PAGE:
Note:  If you've never tasted a bierock, think of it as a well-seasoned loose-meat sandwich. Purists like me will be the first to tell you NOT to add cheese to the sandwich under any circumstances -- it's just wrong.  That said, if, after the cabbage cooks down, you feel the need to add a bit of extra seasoning to the meat mixture, purists like me will look the other way if you add 2 tablespoons Worcestershire sauce to the filling mixture near the end of the cooking process.

IMG_6757 IMG_6760 IMG_6855 IMG_6860 IMG_6863~Step 1.  Note:  I'm using one-half of a 4-pound head of cabbage, sliced into 2 quarters today.  Alternatively, a 2-pound head, sliced into 4 quarters is the same thing.  

Using a large chef's knife remove the cores from the cabbage quarters.  Slice each quarter into 1/4" slices, then chop through the slices to cut the cabbage into chards and pieces.  This appears to be a lot of cabbage but it will lose most of its volume during the cooking process. Dice the onion as directed.

IMG_6868 IMG_6871 IMG_6872 IMG_6877~Step 2.  Place the ground beef, onion, and 1 teaspoon each of the the garlic powder, sugar, salt and pepper in a wide-bottomed 4-quart stockpot over medium-high heat.  Cook until the beef, using a spatula to break it up into small bits and pieces as it cooks, until it's just cooked through -- until it has lost its pink color but shows no signs of browning -- about 8-9 minutes. Using a small ladle, remove and discard the liquid from the bottom of the pot, about 8-12 tablespoons.

IMG_6881 IMG_6885 IMG_6886 IMG_6889~Step 3.  Add the cabbage and season it with the remaining 1 teaspoon each of the garlic powder, sugar, salt and pepper.  Continue to cook, using a large spoon to keep the mixture moving, until cabbage has lost most of its volume, yet is green, sweet and tender, about 10-12 minutes. Taste after 8-9 minutes -- now is the time to add the optional 2 tablespoons of Worcestershire sauce if you think it's necessary.  Do not allow the cabbage or the meat to brown. Cover the pot, remove it from the heat and allow it to cool to room temperature, 4-6 hours.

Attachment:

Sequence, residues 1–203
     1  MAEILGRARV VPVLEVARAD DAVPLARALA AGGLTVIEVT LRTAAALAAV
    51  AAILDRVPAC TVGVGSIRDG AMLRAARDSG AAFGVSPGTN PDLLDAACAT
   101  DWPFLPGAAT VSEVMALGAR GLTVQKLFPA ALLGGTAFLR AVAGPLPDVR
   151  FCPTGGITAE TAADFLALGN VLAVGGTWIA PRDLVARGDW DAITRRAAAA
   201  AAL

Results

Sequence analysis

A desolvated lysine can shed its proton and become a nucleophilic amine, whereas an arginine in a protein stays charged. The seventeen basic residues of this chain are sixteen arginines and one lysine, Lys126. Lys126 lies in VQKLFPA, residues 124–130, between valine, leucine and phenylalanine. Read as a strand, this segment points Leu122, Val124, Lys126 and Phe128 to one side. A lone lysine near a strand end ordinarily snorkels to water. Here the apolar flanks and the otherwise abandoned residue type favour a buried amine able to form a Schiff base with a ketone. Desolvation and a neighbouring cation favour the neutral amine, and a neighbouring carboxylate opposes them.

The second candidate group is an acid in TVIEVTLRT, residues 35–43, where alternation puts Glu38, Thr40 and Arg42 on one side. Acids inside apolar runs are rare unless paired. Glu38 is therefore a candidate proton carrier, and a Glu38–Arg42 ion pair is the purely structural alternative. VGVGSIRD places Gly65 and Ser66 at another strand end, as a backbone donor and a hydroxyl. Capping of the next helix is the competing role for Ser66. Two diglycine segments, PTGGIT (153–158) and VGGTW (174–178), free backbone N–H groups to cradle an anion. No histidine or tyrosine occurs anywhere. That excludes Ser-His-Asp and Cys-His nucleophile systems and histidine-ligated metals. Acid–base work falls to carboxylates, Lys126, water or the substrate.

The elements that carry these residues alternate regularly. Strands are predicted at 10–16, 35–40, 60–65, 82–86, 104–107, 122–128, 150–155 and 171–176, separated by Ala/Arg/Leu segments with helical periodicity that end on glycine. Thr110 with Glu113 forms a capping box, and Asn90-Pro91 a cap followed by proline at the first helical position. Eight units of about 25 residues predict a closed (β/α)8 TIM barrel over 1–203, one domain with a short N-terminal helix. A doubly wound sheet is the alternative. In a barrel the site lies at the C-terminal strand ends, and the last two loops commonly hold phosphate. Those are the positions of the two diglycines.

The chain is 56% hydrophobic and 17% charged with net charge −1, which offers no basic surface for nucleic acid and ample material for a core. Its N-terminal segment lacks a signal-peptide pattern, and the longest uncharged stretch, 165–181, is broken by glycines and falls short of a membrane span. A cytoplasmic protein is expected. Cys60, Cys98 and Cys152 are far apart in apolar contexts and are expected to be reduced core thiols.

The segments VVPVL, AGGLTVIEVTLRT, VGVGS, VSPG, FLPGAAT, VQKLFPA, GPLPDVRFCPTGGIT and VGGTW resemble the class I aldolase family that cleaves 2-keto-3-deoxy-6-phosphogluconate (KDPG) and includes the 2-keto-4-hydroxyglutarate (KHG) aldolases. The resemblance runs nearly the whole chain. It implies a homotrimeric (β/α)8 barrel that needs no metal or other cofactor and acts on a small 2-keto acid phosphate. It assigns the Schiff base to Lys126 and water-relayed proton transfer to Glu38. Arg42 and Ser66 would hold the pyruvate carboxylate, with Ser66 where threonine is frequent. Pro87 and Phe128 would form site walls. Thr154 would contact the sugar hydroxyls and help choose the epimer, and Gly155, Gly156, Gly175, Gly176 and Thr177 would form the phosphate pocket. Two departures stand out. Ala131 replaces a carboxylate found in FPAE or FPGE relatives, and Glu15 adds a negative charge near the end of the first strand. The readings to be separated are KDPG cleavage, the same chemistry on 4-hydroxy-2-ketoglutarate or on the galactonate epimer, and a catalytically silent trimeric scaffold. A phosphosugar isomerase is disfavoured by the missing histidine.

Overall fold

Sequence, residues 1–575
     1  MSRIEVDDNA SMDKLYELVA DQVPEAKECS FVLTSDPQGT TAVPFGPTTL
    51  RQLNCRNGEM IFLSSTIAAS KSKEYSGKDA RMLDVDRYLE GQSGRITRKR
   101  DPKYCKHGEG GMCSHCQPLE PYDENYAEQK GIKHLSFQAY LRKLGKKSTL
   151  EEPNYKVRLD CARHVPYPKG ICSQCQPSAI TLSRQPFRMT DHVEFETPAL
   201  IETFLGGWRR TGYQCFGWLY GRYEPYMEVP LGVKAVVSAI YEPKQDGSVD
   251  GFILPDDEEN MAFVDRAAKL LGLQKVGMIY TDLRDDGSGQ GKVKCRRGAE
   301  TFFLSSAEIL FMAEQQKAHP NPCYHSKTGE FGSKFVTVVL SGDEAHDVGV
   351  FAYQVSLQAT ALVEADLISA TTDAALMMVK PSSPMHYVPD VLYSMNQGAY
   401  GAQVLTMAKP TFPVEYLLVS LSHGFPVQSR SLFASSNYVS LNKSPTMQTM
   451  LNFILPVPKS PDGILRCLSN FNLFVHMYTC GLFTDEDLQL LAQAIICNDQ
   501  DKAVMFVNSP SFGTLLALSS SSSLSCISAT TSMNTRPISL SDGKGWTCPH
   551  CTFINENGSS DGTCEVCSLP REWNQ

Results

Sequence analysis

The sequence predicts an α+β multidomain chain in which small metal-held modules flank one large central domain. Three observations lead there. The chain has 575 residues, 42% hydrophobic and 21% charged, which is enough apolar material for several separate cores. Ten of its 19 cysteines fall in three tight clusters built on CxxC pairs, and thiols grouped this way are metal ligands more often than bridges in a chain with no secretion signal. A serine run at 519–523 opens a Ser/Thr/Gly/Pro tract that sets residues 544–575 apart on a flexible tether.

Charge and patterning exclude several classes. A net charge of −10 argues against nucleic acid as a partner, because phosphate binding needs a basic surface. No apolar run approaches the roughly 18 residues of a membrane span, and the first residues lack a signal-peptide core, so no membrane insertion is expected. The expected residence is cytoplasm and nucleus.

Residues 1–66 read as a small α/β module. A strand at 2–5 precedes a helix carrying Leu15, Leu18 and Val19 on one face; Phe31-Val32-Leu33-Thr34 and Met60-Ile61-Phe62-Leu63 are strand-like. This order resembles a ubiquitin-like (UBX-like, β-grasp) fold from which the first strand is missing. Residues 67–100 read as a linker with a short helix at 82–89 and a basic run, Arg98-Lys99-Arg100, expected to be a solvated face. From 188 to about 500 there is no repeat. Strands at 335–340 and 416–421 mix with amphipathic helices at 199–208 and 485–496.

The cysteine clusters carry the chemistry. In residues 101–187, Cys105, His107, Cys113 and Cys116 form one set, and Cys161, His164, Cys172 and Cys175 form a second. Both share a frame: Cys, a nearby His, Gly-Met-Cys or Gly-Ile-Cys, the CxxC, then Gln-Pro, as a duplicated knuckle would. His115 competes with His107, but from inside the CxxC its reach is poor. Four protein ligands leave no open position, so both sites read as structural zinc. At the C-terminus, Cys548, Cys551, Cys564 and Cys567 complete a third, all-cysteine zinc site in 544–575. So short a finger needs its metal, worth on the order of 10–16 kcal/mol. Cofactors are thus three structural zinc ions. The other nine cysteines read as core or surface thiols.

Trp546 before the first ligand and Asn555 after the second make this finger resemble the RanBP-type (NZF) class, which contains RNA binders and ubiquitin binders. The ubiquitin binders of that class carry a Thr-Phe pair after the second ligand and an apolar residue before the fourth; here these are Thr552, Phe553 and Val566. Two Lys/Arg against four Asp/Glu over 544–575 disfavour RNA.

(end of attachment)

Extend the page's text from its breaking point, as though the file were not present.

Part Two:  Preparing the Brioche-type Bread Dough

Put down that package of frozen bread dough.  I am proud to say I have simplified this process so everyone, folks who don't have a clue how to bake bread and those who don't want to bake bread, can make beautiful bierocks from scratch.  In my opinion, the perfect bread for any type of soft sandwich roll is brioche -- an enriched dough made from butter, eggs, milk, salt, sugar and flour.  I make and rise my own recipe for brioche dough in the bread machine, which turns making bierocks (or any bread or rolls) from a chore to a breeze.  It doesn't get any easier than this.

IMG_68941  cup whole milk

6  tablespoons salted butter, cut into cubes 

5  tablespoons sugar

1 1/2  teaspoons sea salt

2  extra-large eggs

4 1/4  cups unbleached all-purpose flour

2  teaspoons granulated dry yeast (1 packet), not rapid-rise yeast 

IMG_9056Step 1.  Always follow the instructions that came with your bread machine -- they all vary slightly from manufacturer to manufacturer.  This is the rectangular-shaped bread pan that came with my machine.  The paddle (which will do the kneading), has been inserted.  The instruction manual states to always insert the paddle  in this exact  position before adding any ingredients, so I do.

IMG_9059IMG_9062IMG_9064IMG_9065IMG_9068IMG_9073~Step 2.  In a 1-cup measuring container, heat the milk until steaming.  This is quickly and easily done in the microwave.  Add the sugar, salt and butter to the hot milk.  Using a fork, stir until butter has melted.  Pour  this mixture into the bread pan.

IMG_9076IMG_9083Step 3.  In the same 1-cup measure and using the same fork, whisk the egg to lightly beat it.  Add the beaten egg to the milk mixture in bread pan. Note:   "Wet ingredients first/dry ingredients second" is a rule in bread machine baking.

IMG_9085IMG_9087IMG_9099Step 4.  Add the flour to bread pan.  Do not mix or stir.  Using your index finger, make a small indentation in the top of the flour, but not so deep that it reaches the wet layer.  Add/pour the yeast into the indentation.

IMG_9102IMG_9104IMG_9105Step 5.  Insert bread pan into machine and press down until it is "clicked" securely in place. Close lid and plug machine in. Press "select" and click through the list of options until you reach the "dough" option. Press "start".  In my machine, my dough will have been kneaded and have gone through a first rise in 1 1/2 hours.

IMG_6905Step 6.  While the bread machine is preparing the bread dough:

Line 2, 17 1/2" x 12 1/2" baking pans with parchment paper, ready a pastry board, a small rolling pin, a 1/4 cup measure, and, if you have one, get out your kitchen scale. Preheat oven to 350° with oven rack positioned in the center.

Part Three.  Assembling & Baking the Bierocks